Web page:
I challenged myself to weave together ideas, concepts and images. How influential was Renee Descartes, famous as a 17th century philosopher and designer of the scientific method, in our time? Was our willingness to minimize the essence of other animals traceable to him, or human superiority ideas imbedded in religiously based texts, as elucidated by mythologist Joseph Campbell? What about the history of science, described in books like David Bodanis’ E=mc2: A Biography of the World’s Most Famous Equation? Why was the observation of abilities and phenomena beyond our understanding denied under the guise of scientific rigor, or, attributed to dark sources or celestial beings? Psychologist Carl Jung, and more recently, animal behaviorist Dr. Temple Grandin, offers ideas about humans thinking in pictures, and as Temple put it, “like animals do.”
In the end, I put my thoughts together in this “Manifesto.”
Animal Law: Q & A
Barbara Gislason is a pioneer in the development of the new field of Animal Law. Because of her efforts, Animal Law was recognized as a mainstream practice area in both the bar association in her home state of Minnesota and the American Bar Association. In this Q & A with On The Issues Magazine, she describes the field of Animal Law and why she wrote the “Manifesto” published in this edition.
Qu: What is Animal Law?
Barbara Gislason: Animal Law is a very broad, interdisciplinary field that is the intersection between the more traditional practice areas and the subject of animals. For example, an animal law case in family law could address who will receive title to the pet in a divorce, and perhaps, visitation. An animal law issue in estate planning would be how a person could provide for the future of the animal by will or trust. An animal issue in criminal law would be what type of cruelty laws apply to animals. In a medical malpractice case, an animal law issue would arise if a veterinarian negligently killed or harmed an animal. Lawyers in the field of animal law represent the plaintiff or the defendant, which means that the animal lawyers involved could have divergent points of view.
Qu: How is Animal Law different from Animal Rights Law, which you refer to in your writing?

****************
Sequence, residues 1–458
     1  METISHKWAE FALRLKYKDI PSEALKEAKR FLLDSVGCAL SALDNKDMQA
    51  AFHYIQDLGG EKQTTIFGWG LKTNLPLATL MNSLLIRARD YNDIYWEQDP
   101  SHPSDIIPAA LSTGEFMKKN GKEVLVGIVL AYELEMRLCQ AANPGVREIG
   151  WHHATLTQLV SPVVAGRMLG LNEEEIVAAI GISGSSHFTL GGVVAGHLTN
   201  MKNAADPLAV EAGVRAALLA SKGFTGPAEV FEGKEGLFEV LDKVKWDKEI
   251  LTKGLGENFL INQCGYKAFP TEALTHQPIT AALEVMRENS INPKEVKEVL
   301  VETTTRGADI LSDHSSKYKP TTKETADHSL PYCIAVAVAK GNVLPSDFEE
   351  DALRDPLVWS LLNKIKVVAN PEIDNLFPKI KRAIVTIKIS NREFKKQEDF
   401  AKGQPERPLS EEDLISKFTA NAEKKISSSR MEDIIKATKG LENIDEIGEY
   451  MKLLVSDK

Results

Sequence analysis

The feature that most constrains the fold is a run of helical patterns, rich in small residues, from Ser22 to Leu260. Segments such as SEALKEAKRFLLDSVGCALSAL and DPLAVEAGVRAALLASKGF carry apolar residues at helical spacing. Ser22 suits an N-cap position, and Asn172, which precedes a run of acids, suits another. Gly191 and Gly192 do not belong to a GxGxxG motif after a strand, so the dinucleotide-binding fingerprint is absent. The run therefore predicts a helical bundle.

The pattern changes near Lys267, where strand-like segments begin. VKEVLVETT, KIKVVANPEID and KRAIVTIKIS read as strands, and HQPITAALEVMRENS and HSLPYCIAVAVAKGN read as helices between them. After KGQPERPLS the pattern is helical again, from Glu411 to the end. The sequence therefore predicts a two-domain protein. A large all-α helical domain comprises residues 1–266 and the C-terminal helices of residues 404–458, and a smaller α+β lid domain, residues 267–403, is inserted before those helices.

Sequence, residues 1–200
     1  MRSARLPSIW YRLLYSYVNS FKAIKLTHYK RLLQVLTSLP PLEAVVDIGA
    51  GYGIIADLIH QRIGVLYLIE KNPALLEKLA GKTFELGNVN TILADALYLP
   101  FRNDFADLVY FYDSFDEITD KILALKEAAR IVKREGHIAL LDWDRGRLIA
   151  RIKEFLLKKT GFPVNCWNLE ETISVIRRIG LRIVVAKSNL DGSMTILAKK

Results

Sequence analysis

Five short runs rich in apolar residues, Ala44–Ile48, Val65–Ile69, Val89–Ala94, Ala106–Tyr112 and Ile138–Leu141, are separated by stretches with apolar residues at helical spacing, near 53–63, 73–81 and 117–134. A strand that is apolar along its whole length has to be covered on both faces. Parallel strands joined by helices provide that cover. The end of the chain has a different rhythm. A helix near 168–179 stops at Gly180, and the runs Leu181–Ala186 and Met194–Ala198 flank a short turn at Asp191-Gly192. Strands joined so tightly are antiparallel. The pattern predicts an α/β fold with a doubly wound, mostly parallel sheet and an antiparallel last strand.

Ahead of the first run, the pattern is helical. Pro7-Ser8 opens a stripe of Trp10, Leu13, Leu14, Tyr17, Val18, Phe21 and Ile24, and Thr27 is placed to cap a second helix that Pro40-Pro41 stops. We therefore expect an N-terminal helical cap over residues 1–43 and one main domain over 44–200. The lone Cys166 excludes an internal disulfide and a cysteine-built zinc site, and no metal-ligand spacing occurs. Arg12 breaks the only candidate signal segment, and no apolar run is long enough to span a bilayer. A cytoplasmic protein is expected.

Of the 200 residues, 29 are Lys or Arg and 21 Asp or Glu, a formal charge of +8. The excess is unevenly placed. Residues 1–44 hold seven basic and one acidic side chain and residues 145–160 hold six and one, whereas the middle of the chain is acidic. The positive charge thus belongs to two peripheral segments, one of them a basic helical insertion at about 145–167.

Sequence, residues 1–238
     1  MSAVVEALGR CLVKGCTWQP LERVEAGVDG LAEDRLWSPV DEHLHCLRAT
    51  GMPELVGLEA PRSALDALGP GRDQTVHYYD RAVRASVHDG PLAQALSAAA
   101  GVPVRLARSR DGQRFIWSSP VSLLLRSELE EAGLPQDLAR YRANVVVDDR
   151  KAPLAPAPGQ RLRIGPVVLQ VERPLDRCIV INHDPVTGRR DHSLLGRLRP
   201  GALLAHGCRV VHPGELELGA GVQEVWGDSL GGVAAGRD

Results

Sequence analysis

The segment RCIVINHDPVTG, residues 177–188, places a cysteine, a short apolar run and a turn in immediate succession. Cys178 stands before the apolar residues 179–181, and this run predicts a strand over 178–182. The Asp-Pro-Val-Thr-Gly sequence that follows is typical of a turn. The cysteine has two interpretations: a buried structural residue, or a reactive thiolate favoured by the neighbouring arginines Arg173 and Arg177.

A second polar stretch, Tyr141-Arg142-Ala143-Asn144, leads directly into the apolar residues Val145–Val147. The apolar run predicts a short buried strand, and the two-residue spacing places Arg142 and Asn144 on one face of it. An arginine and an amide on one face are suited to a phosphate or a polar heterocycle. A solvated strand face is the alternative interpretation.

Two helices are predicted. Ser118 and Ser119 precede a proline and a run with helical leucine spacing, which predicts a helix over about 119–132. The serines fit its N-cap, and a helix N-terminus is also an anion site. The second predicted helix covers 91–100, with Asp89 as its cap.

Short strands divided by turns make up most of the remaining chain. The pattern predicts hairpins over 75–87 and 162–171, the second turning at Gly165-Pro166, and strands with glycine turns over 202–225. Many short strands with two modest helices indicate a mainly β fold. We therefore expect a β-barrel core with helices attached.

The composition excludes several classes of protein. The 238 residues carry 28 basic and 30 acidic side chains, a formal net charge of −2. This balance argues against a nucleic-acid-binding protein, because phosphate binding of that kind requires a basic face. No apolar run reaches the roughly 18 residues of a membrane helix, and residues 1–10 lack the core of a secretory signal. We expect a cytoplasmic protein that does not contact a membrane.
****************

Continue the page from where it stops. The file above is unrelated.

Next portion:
Gislason: Animal Rights Law is really a subset of the animal rights movement, where people have strong views about a range of subjects, from animal cruelty to farming practices, and the belief that animals should no longer be considered property. An animal rights lawyer practices in the field of Animal Law. At this point in time, many of the animal lawyers have convictions associated with animal rights law because the field is in a pioneering stage. But a movement can never be synonymous with a practice area. For example, it is true that the environmental movement influenced the development of environmental law. But now, an environmental lawyer may be defending a company that is accused of environmental violations. In Animal Law, eventually you will have animal lawyers on both sides of an issue.
Qu: How did you get into Animal Law?
Gislason: I’m the kind of person who starts things. I was on a vacation in China in 2002 when I realized that I needed to do this. I described that experience in a newsletter article that is online at Maddie’s Fund.
Qu: What is the role of women in Animal Law?
Gislason: The leadership around the country is dominated by women. Perhaps empathy for an animal is similar to empathy for children. There are many men who love animals; the fact that fewer are involved in animal law speaks for itself. There may be more women leading this field because women, as a group, are more generous with their time, since it is challenging to earn money for legal services in this evolving field.
Qu: What did writing a Manifesto mean to you?
Gislason: I think when people are leaders, they have the ability to inspire others. Poetry is a universal language that reaches people intellectually and in symbolic ways that enables them to grasp ideas at a deeper level. The relationship between humans and animals is profound. Animals impact us in many ways. There is a spiritual aspect to animals and their relation to us that was well understood before modern times, and that has been lost in what we call civilization with its mechanistic use of animals. The fact that we do not comprehend the spiritual aspects of animals does not mean they do not exist. It is my personal belief that there is a consequence for our lack of recognition concerning the spiritual aspect of other life. Our ability to recognize a greater spiritual presence will affect such basic things as our ability to be happy. True happiness is not in the realm of the material, but in what is unseen, but real.
Barbara Gislason has been a practicing lawyer in Minnesota for 28 years. Read more about her work at AnimalAttorneyOnline and at her blog on Animal Law.
Also see The Poet’s Eye in this edition of On The Issues Magazine.
See Terrorizing the Loved Pets of Women by Carol J. Adams in the Winter 2008 edition of On The Issues Magazine